Left unmentioned: How the poll-takers questioned many more Democrats than Republicans. A PDF posting of poll results lists 409 Democratic respondents versus 272 Republican respondents. CBS “weighted” the results to effectively count 289 Republicans versus 381 Democrats. And while in a couple of minutes of network air time you can hardly be expected to recite every poll finding, CBS managed to skip over several numbers which demonstrated the disconnect between the public and the national press corps. On “media coverage of Cheney hunting accident,” for instance, the public overwhelmingly rejected -- by three-to-one -- the media's obsession: 66 percent said the media devoted “too much time” compared to a piddling 22 percent who thought the press allocated the “right amount of time.” Another nine percent, most likely a lot of journalists and the “angry left,” believed it got “too little time.” Also, by 51 to 47 percent, most “approve of Bush authorizing wiretaps to fight terrorism.”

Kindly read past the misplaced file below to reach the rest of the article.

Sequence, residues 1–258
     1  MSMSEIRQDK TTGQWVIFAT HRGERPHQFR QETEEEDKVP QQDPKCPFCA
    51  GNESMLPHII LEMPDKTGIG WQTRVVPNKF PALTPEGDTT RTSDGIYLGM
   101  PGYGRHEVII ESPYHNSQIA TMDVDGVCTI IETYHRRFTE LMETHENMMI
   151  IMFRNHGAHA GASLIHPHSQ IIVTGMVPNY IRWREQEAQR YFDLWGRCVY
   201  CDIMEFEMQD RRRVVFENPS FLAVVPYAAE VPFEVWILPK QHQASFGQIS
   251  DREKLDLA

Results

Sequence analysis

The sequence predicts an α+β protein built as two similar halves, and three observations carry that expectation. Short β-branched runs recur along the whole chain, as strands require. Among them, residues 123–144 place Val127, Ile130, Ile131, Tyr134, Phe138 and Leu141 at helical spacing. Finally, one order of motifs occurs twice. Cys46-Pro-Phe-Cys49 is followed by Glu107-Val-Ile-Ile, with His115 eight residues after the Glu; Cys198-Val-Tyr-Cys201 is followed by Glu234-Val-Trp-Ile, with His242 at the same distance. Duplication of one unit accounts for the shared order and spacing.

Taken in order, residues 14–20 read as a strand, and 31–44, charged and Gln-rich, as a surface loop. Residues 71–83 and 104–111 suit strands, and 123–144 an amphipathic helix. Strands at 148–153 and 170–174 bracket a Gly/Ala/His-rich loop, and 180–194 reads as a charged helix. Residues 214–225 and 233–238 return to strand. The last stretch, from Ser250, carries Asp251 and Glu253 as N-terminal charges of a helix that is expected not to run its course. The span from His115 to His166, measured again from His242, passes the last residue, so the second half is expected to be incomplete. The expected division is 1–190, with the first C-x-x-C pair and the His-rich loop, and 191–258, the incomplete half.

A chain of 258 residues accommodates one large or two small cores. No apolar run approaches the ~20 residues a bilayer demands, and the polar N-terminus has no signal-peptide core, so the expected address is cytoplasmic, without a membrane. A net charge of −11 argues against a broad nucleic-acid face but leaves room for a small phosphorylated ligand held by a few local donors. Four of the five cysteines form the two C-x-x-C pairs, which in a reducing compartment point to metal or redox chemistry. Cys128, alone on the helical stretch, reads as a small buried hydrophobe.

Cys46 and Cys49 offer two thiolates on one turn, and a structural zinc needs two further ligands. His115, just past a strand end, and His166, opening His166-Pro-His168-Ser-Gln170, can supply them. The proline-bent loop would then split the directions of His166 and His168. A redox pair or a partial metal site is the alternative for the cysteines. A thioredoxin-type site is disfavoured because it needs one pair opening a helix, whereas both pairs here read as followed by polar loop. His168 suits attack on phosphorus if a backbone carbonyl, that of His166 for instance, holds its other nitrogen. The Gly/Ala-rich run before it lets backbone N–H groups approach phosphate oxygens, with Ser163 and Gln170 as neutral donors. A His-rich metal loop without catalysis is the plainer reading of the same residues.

Chris Matthews, host of Hardball, appeared on the February 25 edition of NBC’s Today. Co-host Lester Holt began the segment, airing at 8:11AM EST, by asking Matthews about Iraq. He responded:



Report lists left-wing grievances about retailers health benefits, with no free-market advocates to answer.


USA Today media writer Peter Johnson reports that CBS News is not about to give up investigative journalism despite the increasing sceptism that genre endures.

CBS News' "48 Hours" recently had to apologize to a Missouri newspaper for changing a front page photo onscreen and claiming it came from the Columbia Daily Tribune.



Last Wednesday, sports columnist Harvey Araton wrote about the Olympian feud between U.S. speedskaters Chad Hedrick and Shani Davis, with Hedrick starring as Bush and Davis as John Kerry:



Ken Herman of Cox Newspapers, quoted in The New York Times today about cameras in the White House briefing room:



If you look in the dictionary next to 'disgruntled', expect to find a photo of former FEMA Director Michael Brown. As the Today show graphic read, "Michael Brown Blames White House," and NBC Nightly News host Brian Williams was there to record every embittered word, with nary a nuanced question that might have probed Brown's account of the federal response to Hurricane Katrina.